Border enforcement of immigration laws attempts to raise the costs of illegal immigration, while interior enforcement also lowers the benefits. Border and interior enforcement therefore reduce the net benefits of illegal immigration and should lower the probability that an individual will decide to migrate. While some empirical studies find that border and interior enforcement serve as significant deterrents to illegal immigration, immigration enforcement is costly and carries significant unintended consequences, such as an increase in fraudulent and falsified documents and rising border death rates as migrants undertake more dangerous crossings.
Border enforcement works as intended: it drives up the cost and risks associated with border crossings and deters illegal immigration.
Border enforcement results in more positively selected migrant flows, possibly due to the higher costs of crossing.
Preliminary evidence suggests that interior enforcement lowers the net benefits of migration, which should act as a deterrent.
While the cost of enforcement is a burden on taxpayers, native workers may benefit when there is less competition from migrants entering.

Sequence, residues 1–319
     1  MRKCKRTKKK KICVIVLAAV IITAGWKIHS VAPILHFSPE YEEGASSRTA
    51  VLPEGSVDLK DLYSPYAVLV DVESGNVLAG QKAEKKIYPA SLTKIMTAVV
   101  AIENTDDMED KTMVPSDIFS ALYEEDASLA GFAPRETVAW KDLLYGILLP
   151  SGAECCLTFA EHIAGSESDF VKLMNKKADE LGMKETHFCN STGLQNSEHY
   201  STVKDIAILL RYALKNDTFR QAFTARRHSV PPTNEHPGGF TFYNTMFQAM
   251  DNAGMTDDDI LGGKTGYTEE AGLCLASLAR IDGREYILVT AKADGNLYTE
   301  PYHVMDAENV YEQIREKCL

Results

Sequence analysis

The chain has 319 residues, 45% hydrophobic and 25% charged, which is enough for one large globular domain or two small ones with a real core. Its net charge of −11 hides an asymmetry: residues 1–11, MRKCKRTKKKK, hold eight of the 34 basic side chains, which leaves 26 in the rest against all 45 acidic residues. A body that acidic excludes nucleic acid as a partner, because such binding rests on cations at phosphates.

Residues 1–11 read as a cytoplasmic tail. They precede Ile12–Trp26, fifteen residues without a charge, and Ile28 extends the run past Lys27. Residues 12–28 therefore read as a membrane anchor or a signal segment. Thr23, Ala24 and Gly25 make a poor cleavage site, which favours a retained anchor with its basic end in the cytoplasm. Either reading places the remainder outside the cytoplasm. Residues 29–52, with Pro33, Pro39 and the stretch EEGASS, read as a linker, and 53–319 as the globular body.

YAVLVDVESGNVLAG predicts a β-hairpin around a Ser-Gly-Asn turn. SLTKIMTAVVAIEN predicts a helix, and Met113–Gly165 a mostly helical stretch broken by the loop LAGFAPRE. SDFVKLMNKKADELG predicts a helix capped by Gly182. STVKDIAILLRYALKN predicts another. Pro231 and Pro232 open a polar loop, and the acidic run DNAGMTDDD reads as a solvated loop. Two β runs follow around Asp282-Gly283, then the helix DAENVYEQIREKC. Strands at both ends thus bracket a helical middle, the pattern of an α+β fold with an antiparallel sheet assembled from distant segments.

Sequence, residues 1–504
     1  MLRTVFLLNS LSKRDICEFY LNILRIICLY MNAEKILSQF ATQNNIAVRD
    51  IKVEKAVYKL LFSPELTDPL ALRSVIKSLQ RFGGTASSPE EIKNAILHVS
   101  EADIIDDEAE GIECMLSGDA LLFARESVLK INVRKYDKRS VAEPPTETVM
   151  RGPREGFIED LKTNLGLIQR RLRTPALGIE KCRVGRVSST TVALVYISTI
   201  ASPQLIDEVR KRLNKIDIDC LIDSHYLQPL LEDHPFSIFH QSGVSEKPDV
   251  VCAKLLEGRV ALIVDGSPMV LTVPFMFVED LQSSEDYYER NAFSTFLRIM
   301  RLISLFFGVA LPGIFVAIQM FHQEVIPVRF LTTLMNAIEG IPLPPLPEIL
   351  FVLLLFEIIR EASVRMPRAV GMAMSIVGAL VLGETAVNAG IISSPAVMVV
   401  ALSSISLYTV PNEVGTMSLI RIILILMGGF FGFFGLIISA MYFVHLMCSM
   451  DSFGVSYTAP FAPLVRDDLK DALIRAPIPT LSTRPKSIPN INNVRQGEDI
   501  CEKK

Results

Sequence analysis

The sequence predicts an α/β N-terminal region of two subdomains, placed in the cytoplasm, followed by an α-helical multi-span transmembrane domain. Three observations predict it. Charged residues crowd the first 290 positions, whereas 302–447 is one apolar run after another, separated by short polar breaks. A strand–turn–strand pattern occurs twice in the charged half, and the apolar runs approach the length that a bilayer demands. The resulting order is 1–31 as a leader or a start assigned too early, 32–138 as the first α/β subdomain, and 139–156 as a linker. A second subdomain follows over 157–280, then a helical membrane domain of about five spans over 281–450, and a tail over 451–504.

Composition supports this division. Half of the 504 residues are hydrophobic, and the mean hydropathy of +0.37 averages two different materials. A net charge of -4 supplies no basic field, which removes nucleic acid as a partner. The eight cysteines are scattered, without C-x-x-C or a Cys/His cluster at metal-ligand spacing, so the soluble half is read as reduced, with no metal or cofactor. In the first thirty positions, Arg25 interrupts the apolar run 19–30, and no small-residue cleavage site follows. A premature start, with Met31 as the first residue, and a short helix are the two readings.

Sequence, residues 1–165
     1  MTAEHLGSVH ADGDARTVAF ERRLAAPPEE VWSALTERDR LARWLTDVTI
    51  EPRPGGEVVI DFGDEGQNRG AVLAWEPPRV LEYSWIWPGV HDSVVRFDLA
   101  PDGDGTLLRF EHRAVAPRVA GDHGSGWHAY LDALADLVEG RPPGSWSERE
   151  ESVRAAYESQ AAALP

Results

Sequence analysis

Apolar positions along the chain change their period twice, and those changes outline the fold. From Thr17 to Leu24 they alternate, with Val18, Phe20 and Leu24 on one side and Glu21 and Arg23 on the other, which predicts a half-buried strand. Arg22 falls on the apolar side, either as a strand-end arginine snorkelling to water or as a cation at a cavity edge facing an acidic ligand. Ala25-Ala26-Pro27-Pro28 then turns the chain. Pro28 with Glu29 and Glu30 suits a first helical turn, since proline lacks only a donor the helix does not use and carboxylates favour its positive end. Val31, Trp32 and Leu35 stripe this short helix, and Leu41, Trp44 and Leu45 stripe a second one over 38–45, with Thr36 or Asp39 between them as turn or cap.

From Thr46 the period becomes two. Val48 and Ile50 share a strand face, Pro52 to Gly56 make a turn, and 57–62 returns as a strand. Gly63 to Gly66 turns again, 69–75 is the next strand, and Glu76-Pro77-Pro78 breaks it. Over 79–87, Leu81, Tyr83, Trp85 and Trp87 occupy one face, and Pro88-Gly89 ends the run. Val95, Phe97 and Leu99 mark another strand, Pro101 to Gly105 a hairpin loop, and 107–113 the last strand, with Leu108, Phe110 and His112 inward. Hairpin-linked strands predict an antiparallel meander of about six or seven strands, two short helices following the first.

The unintended consequences of border and interior enforcement are reduced when accompanied by other immigration reforms, such as a regularization program.
Intensified border enforcement leads to reduced circular migration, higher demand for smugglers, riskier crossings, and more migrant deaths.
Using border enforcement to keep migrants out causes wages to rise in the destination country and fall in the source country, changes which counteract the higher crossing costs and can increase the incentives to migrate.
Employer verification mandates correlate with lower employment and wages among unauthorized immigrants.
Additional interior enforcement can increase informal sector employment, where workers and employers evade taxation and regulation.
Immigration enforcement is costly and can divert resources from other federal and state law enforcement.